Asthma causes inflammation of your lungs and bronchial tubes and makes breathing laboured. It can happen to both children and adults. The degree of asthma can range from mild and intermittent to severe and persistent. Asthma may not be curable but with proper treatment, people can live a normal life. But it all starts with an accurate diagnosis of the type and intensity of your asthma. Asthma diagnosis will involve many steps to ensure it is faultless.
When you visit a doctor, you will have to talk about your overall health and if you had noticed any unusual changes lately. Then you will be asked detailed questions so that the doctor can ascertain whether the symptoms you have been experiencing are the ones triggered by asthma or some other but similar illnesses like bronchiolitis. You may also have to answer questions on your medical history, illnesses you had contracted in the past and some standard queries about your family’s health history as well. You can expect questions like these-
- What exactly are the symptoms and when do they become profound?
- Do you know what triggers the symptoms?
- Had you been exposed to allergens or irritants?
- Do you have a fever, allergic reaction or infection?
- Does anyone in the family have asthma, respiratory problems, or a persistent case of allergies?
- What you do for a living and are you exposed to chemicals, dust, pollutants, etc.?
- Do you have pets?
- What medicines are you taking?
Then your doctor will ask if you had experienced these particular symptoms-
- Coughing – especially at night when you go to bed.
- Breathing difficulty.
- A sensation of pressure or tightness in your chest.
- If the symptoms become aggravated in cold weather or after a sustained period of physical activity.
Once your doctor has asked the relevant questions, the next step is the physical examination.
The doctor will first peer into your eyes, ears, and nose and look into your throat and upper airways with a flashlight. Your skin will be closely examined for signs of an allergic reaction. Then with a stethoscope, your breathing patterns will be noted, whether you make a whistling high-pitched sound as you breathe out which is an indicator of asthma.
Asthma diagnosis test to determine lung capacity
Once your doctor suspects that you may have asthma, further tests will be recommended to confirm the asthma diagnosis. These tests will determine just how efficient your lungs are and the results will help the doctor understand the degree of your condition.
This is the standard asthma diagnosis test that doctors use on anyone over the age of 5 years.
The spirometer is a device, which has a tube attached to it. The doctor will hold the other end of the tube to your nose or mouth. You will have to inhale fully. And then expel the breath of air forcefully into the tube. The spirometer will register the volume of the air you exhaled and how rapidly you can exhale. The readings will establish your pulmonary function. If the result is below normal, it could signify that your airways have become narrow because of asthma.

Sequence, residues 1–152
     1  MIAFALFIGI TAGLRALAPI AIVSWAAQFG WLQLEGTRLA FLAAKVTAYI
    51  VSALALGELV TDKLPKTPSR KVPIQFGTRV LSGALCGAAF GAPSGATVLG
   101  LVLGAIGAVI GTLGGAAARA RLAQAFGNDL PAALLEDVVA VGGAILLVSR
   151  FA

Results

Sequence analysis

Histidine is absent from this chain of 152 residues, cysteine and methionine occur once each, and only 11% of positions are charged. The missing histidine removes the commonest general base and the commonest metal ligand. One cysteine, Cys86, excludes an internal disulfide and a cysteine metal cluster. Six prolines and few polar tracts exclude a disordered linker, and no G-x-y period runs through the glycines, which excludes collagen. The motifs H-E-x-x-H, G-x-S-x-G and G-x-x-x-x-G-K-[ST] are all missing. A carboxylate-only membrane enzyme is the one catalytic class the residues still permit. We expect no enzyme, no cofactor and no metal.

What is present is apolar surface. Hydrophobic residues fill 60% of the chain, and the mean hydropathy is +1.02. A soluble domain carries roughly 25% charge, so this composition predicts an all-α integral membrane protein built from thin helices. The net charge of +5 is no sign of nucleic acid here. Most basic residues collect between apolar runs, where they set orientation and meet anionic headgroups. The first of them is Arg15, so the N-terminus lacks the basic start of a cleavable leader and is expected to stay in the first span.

You may then be given asthma medicines in the form of an inhaler to clear up your bronchial tubes and you will again have to breathe into the spirometer tube. If your reading improves, it will convince the doctor that it is a case of asthma.
Tests based on challenges
Since exercise can cause asthma attacks, your doctor may suggest you engage in some physical activity right there in the clinic. If you begin to witness the specific symptoms of asthma, you will be diagnosed with this chronic respiratory disorder.
If the spirometer results are not conclusive, for example, they verge on the threshold level of normal or near-normal, then you will have to undergo a bronchial challenge test. You will be asked to inhale methacholine which will make your airways swell up a little. If you then exhibit the signs of asthma, then it will confirm the spirometer test’s conclusion.
Peak airflow asthma diagnosis test
This is another asthma diagnosis test that determines how much air is flowing out of your lungs. This test can also tell your doctor if your airways have become narrow.
Exhaled nitric oxide asthma diagnosis test
This asthma diagnosis test is similar to the spirometer test with the difference that a machine will determine how much nitric oxide your breath contains when you breathe into a tube. We all exhale this gas but when the airways are swollen, your body produces more nitric oxide than usual.
Your doctor will recommend a few more tests just to rule out other diseases that trigger similar symptoms-
- Blood tests and skin tests to determine if you have specific allergies.
- CT (computerized tomography) scans of your lungs for signs of chronic obstructive pulmonary disease.
- X rays of the sinuses and the chest or cardiac CT scan (to trace sinusitis or myocardial ischemia).
- Gastroesophageal reflux test.
- Presence of phlegm in your lungs.
If these test results come back negative (meaning you have not contracted these diseases), the conclusion will be asthma.
Asthma Diagnosis for children
The spirometer test is not recommended for children under 5 years of age. Asthma is diagnosed chiefly on the basis of the symptoms, history of illnesses and a physical examination. However, doctors sometimes prescribe bronchodilators- drugs that dilate the airways and make breathing easier. This is an asthma medication and if it helps, then that indicates that the child has asthma.
The diagnosis of asthma is a long and careful procedure. There are quite a few other illnesses that mimic asthma. Remember to answer your doctor’s questions honestly and clearly and undergo the required tests.